Japan is emerging as a world leader in the development of regenerative medicine, which refers to therapy products that replace or restore cells and tissues lost to disease or aging. A series of reforms have helped sparked a “regen” boom in the country—most significantly a 2014 law that allowed conditional market approval for regenerative drugs so they can be rapidly commercialized with less clinical studies.
Japan’s aging population and large pharmaceutical market have added to its attraction as a center for research and partnerships on regenerative drugs. U.S. company Agilis Biotherapeutics, for example, has partnered with the Gene Therapy Research Institution of Japan to obtain approval for drugs to treat Parkinson’s disease. Foreign companies that want to conduct R&D in Japan for innovative medical products are entitled to a research grant from the Ministry of Economy, Trade and Industry (METI) and can also win grants from local authorities. Some large Japanese companies, including Nikon, Hitachi, and Asahi Glass, have partnered with foreign firms in the regenerative medicine field.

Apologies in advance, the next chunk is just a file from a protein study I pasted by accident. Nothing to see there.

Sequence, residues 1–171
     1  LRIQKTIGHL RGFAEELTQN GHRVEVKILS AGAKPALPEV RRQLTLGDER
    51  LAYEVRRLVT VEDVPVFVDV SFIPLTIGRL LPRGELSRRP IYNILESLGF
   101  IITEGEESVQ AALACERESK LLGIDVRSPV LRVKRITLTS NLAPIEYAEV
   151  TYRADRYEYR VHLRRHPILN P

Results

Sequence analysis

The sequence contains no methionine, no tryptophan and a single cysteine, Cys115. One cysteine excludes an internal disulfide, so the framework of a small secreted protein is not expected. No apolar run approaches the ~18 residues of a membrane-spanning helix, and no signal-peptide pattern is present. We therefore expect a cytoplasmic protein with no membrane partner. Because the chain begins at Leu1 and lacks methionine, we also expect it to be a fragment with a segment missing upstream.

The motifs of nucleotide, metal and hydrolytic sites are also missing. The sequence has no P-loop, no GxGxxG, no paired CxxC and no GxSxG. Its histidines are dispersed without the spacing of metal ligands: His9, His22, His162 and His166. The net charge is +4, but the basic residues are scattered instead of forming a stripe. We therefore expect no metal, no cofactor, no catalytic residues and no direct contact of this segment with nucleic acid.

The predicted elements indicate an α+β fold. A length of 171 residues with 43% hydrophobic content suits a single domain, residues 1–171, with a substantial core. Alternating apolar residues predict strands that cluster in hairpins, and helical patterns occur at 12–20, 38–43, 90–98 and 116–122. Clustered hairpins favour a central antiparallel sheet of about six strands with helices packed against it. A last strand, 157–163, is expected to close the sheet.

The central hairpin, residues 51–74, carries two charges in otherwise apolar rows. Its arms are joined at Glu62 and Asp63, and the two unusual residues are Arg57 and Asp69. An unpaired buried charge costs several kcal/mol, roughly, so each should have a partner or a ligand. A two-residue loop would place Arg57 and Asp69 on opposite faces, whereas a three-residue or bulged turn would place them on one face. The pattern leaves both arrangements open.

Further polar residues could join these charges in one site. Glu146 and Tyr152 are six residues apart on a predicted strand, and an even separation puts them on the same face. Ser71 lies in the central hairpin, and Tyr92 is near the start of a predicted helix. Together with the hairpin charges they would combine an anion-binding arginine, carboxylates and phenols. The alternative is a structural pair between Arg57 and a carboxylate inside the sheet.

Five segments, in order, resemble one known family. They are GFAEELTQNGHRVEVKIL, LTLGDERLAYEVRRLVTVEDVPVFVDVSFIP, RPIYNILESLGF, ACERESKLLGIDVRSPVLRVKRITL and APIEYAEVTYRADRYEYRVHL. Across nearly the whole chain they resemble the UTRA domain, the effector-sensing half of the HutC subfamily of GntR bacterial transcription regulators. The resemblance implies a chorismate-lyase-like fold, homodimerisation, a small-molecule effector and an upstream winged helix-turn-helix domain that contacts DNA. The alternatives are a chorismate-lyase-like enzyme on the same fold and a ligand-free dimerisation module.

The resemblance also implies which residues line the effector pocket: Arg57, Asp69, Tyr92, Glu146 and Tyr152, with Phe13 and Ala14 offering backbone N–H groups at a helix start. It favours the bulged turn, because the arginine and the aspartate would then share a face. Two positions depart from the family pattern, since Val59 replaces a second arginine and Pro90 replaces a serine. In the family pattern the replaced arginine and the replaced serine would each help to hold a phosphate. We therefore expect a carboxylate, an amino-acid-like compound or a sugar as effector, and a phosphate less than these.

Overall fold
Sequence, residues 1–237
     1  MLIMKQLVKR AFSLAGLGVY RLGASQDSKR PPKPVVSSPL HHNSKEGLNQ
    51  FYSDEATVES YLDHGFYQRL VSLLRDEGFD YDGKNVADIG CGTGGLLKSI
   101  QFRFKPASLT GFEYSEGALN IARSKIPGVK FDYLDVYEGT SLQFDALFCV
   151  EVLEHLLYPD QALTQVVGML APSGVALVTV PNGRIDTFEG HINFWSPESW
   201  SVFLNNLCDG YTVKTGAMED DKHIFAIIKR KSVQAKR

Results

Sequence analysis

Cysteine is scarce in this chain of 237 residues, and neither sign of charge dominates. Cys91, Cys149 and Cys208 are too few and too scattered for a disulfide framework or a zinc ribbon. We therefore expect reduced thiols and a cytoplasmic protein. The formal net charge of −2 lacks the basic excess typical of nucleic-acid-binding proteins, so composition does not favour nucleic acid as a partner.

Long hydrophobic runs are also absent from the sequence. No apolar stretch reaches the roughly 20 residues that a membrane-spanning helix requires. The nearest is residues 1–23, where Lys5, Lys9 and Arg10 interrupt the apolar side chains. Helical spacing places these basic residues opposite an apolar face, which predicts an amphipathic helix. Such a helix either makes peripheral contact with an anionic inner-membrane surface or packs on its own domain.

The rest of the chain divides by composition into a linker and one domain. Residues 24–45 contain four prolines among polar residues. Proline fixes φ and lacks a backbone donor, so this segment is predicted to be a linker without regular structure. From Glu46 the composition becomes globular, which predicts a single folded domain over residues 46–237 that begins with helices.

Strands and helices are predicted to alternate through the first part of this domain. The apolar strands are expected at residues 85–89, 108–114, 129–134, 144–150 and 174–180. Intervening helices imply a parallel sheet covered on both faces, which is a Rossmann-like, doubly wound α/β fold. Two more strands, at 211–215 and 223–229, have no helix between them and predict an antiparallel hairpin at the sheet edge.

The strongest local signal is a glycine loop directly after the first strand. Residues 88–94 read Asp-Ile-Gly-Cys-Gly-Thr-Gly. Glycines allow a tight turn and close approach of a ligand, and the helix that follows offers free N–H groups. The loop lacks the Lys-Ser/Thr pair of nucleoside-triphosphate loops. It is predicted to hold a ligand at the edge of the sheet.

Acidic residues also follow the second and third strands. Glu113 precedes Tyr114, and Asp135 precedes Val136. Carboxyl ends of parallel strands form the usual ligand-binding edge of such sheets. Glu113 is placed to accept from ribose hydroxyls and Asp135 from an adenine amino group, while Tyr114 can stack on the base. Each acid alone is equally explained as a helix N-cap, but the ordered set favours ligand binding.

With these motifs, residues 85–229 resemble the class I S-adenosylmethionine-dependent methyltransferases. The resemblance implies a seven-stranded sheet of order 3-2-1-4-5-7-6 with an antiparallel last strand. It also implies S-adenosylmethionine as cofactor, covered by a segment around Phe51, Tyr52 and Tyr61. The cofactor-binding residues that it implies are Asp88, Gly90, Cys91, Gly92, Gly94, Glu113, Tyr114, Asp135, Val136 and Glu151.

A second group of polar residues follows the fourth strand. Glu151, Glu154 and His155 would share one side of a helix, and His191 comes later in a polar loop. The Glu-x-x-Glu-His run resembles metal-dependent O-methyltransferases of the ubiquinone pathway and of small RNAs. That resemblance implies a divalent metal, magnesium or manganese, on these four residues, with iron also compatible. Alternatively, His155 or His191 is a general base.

Despite Japan trying to favor regenerate medicine, only five regenerative products have been approved to date, and most contract research organizations and regulatory executives have little experience in this area.